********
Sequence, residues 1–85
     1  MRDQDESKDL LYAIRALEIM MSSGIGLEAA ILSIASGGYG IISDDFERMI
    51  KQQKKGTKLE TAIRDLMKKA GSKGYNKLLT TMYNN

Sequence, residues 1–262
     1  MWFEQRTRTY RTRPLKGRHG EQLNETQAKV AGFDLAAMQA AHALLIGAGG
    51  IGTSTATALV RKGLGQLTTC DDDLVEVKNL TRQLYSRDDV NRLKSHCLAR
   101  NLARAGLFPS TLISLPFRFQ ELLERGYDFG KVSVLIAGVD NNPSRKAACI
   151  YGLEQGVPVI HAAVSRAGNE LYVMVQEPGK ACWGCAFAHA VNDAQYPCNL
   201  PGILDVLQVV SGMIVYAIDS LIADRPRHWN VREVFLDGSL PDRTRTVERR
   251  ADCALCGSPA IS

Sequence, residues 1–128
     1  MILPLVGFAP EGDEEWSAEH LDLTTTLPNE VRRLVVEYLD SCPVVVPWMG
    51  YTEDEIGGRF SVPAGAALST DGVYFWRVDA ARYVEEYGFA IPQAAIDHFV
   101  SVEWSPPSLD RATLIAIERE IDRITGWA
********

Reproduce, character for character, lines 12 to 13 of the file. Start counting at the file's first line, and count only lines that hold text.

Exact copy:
     1  MILPLVGFAP EGDEEWSAEH LDLTTTLPNE VRRLVVEYLD SCPVVVPWMG
    51  YTEDEIGGRF SVPAGAALST DGVYFWRVDA ARYVEEYGFA IPQAAIDHFV